THINKING ABOUT SELLING YOUR BUILDING? A BAD ROOF IS A BAD SIGN
When selling your building, most buyers are going to want to perform an inspection on the building themselves, in addition to the inspection that is required by the bank in many cases. When they climb up on your roof, the last thing you want them to see is a neglected roof that hasn’t been cared for or maintained for the last 15 years. There are a few reasons why a poor roof can hurt your selling price. Let’s see why a bad roof can stall the sale of your building.
A Bad Roof is a Problem Itself
If your roof is in bad enough shape that it is leaking, sagging, or is covered in ponding water, each of those provide tangible problems to the building. The roof isn’t just an eye sore, it’s actually causing problems inside the building – or will be soon.
If a potential buyer gets up on your roof and sees that it’s falling apart, they’ll probably ask you to fix the roof (which can get expensive) before they buy, ask you to lower the price so they can fix the roof once they buy, or just call the deal off all together. None of those is a great option.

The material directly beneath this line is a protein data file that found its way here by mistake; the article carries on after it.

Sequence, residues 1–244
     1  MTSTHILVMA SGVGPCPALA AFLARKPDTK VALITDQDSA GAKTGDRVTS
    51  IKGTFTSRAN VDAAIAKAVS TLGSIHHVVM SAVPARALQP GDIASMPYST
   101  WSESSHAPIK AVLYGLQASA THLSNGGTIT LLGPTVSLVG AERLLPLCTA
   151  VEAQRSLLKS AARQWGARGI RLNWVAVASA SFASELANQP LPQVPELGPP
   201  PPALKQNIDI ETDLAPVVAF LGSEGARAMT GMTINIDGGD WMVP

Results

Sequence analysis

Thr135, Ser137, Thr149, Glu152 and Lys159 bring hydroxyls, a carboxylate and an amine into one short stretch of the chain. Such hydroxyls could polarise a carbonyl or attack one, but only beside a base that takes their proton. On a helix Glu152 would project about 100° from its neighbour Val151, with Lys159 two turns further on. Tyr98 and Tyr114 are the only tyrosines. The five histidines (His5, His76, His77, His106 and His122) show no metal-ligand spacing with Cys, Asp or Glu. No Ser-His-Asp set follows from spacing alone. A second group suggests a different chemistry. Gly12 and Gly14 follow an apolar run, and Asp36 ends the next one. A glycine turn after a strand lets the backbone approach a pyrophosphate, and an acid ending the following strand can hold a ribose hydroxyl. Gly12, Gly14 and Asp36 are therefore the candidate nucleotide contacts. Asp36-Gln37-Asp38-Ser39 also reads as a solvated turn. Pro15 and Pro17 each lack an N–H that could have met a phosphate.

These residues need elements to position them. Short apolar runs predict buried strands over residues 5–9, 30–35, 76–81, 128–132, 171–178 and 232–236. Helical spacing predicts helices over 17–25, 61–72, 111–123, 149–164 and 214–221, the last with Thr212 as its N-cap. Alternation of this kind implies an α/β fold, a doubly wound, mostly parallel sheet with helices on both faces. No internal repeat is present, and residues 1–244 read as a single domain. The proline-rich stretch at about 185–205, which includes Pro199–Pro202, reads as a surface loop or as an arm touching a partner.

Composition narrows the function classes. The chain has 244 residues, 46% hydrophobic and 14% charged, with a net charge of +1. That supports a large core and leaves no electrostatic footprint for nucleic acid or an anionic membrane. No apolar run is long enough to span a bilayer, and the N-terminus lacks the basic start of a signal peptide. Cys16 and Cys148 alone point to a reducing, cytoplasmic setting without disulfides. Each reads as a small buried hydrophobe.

A Bad Roof is a Sign of Bad Care Elsewhere
A bad roof is also an indication that other areas of the building may have been neglected over the years. If the roof is falling apart and your last inspection on file was 8 years ago, the buyer may have second thoughts about how you’ve maintained the HVAC system, changed air filters, etc. This could be enough to scare them out of the deal because now there is major uncertainty concerning how you’ve taken care of the rest of the building.
You could be a great property manager and everything other than the roof could be perfectly up to date, serviced when recommended, and running properly, but they now have a fear and a doubt in their mind that can either hurt your selling price or call the deal off completely.
If you think you might sell the building in the future, which is very likely, then you should be maintaining your roof. Not to deceive any buyers that it looks good, but to actually take care of the roof and make sure you can get the full selling price out of your building when you do decide to move on.